Last summer I read the book “Eat, Pray, Love” by Elizabeth Gilbert while we were at the family cabin in Montana.  In it there is a medicine man who is prophetic.  Most people who have read this book that I’ve talked to thought it was too slow, that the author was selfish. My sweet friend from Italy’s family thought she portrayed Italians as lazy.   But for where I was at I liked it, I just kept coming back to my own faith.  We were in the midst of trying to decide if Grace would have surgery for her Kidney condition and that was at the forefront of my mind. But while we were there I had the most intense and vivid dream I had had in recent years. The medicine man was there and I stood before him with Micah and Grace. I asked him if Grace would be ok, and he said Yes, she would have a long and happy life. But he said, “But you need to watch him(and pointed to Micah)he needs you to always have his medicine with him. Watch him.”  I woke up and woke Chris up.  Micah has had chronic croup for years, and we travel with an oral steroid…but it shook both of us.  Without going into more detail, I’ve had dreams that have come true…and few of them have been positive. 

And then we found this spot.  A lot of people have said, “It’s probably nothing.” But what keeps plaguing me is, What if it’s not?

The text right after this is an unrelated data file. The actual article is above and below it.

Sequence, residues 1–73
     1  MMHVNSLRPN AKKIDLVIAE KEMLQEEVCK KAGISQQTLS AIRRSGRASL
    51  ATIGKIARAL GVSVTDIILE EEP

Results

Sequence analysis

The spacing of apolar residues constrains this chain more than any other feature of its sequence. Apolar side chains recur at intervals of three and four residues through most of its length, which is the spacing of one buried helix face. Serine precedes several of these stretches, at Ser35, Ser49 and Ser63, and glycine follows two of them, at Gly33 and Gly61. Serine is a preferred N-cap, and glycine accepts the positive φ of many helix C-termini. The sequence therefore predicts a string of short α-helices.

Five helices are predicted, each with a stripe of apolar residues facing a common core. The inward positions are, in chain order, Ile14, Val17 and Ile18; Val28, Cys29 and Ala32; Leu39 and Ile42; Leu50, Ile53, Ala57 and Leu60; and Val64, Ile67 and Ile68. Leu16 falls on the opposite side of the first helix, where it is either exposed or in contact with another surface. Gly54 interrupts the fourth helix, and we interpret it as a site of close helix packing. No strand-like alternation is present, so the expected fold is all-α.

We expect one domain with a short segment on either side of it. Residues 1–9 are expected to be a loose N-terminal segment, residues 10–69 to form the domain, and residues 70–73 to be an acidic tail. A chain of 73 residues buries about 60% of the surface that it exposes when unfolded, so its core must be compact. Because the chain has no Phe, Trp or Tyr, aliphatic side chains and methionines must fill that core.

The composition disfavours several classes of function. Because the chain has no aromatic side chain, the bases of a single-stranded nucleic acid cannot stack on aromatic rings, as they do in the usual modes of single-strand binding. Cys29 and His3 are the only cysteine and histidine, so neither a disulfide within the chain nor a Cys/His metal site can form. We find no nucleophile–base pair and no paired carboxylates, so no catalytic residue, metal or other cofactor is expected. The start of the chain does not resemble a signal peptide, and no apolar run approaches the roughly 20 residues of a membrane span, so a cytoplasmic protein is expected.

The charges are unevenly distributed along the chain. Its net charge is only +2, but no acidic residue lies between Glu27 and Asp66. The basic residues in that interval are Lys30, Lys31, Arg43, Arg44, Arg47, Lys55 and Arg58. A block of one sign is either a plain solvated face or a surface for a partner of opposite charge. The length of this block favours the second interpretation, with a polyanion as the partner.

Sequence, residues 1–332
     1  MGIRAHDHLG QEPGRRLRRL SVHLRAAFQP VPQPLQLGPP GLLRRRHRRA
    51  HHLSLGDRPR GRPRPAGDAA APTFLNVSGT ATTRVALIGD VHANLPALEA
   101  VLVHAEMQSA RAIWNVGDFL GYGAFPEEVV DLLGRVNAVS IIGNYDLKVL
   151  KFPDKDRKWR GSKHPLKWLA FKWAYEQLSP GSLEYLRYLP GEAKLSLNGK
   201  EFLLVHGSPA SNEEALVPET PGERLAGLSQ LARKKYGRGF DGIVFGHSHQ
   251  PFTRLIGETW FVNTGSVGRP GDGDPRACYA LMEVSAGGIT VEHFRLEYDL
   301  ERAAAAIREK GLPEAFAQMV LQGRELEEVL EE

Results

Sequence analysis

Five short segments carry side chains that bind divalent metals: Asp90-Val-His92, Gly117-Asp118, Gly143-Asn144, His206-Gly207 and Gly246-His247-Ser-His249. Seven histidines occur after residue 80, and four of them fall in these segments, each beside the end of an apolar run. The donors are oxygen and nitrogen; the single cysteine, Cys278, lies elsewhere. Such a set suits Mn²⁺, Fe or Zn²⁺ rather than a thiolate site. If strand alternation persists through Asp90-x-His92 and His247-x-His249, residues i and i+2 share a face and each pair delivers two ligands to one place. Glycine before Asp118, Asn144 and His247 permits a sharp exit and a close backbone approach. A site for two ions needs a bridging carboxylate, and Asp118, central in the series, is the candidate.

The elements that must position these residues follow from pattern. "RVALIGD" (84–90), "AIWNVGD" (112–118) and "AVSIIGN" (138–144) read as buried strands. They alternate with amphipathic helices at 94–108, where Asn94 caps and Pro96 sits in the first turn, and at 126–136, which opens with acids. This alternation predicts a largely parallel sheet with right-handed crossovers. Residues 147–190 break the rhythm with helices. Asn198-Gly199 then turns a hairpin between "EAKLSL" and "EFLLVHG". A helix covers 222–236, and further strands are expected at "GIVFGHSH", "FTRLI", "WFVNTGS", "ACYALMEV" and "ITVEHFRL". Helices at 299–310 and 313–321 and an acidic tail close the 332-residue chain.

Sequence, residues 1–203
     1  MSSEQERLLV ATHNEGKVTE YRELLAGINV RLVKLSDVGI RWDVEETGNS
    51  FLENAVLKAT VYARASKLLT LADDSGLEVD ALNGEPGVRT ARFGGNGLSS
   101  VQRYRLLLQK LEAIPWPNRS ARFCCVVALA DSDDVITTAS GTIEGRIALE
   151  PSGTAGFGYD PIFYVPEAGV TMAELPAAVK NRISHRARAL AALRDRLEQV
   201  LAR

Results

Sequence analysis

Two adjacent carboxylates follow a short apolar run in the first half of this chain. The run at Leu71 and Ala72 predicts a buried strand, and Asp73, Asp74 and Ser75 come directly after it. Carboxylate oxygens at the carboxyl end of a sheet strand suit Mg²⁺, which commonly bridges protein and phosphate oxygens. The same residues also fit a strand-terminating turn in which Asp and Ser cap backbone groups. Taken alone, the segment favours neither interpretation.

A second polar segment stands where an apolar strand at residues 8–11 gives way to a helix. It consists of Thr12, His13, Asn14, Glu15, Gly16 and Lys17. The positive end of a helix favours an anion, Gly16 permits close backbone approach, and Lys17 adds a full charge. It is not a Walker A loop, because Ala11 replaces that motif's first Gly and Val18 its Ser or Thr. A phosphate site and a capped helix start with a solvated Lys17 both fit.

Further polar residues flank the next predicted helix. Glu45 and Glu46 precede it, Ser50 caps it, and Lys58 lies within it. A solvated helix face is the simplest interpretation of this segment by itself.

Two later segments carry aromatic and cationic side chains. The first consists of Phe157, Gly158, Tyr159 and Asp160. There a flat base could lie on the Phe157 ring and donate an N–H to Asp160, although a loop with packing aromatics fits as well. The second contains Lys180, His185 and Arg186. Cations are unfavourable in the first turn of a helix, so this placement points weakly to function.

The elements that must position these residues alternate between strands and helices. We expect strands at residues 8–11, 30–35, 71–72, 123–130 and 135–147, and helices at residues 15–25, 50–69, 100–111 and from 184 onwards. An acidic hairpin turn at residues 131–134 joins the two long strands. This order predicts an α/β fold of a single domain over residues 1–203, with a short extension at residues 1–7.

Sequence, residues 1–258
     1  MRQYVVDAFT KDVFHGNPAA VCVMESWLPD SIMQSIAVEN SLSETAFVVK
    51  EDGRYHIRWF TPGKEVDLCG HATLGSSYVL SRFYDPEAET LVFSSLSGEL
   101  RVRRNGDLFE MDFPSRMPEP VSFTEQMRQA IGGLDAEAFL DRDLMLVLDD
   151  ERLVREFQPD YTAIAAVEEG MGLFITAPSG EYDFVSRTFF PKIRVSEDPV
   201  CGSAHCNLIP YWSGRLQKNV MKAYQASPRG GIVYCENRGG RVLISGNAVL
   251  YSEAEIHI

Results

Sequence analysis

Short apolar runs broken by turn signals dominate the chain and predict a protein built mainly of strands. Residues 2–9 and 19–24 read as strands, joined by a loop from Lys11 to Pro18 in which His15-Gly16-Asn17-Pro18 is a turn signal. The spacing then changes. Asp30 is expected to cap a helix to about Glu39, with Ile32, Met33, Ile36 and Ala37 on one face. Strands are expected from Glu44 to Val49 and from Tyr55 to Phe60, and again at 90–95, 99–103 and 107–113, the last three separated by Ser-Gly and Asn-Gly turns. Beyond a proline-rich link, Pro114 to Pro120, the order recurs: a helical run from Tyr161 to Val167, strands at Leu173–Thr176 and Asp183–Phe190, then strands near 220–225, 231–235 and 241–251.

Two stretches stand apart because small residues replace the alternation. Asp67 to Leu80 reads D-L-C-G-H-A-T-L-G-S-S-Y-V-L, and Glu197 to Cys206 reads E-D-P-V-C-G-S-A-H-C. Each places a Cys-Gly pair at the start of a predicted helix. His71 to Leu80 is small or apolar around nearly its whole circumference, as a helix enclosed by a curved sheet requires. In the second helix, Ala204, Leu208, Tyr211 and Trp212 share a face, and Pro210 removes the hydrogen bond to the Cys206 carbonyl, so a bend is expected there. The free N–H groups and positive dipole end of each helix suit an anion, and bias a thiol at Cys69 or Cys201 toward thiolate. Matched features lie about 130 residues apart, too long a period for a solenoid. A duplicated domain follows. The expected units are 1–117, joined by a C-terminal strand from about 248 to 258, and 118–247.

I’ve heard, “It would be so rare.” But what if we are the rarity? Who I am to say that I’m above or it’s not going to happen to me.  My dear friend Kristy grieve’s her sister Amy. My dear friend Joan grieve’s her daughter Mary.  My bonus dad Papa John was the last person I would ever think would have salivary and  lung cancer he never smoked or chewed.  And really, normally I’m not the glass is half full person, but this month has broken me.  Between pneumonia, blood clots,  to the financially and emergency fund draining with water damage and having to replace our kitchen floor…yesterday. And now the not knowing. 

I am broken. 

It would be easy for me to lose faith right now.  In fact I’ve questioned my faith over and over, and in many ways I’m barely clinging.  But I’m clinging. Because I know that no matter what we are going to get through this, and we are going to pray and trust that God is going to be there.  And any of the lies I’ve heard that God hasn’t taken care of us, or that he abandoned us are just that…lies. 

My friend Amy gave me a quote today:

”Without somehow destroying myself in the process, how could God somehow reveal himself in a way that would leave no room for doubt? If there were no room for doubt, there would be no room for me.” -Frederick Buechner

In a few hours I will sit with Micah as they take off the spot, I will hold him and comfort him.  And then we will wait while they biopsy it, and wait for a phone call.    I will hold my husband’s hand, and I will tell all of my kids how much I love them.  And I will cling, and wait for the result, and let God comfort me…because no matter what the results are, if they are nothing or something…No matter how broken I am, we will get through this.  Because regardless of this month, or what is to come I have no doubt I am blessed.  Broken? Yes, but definitely blessed.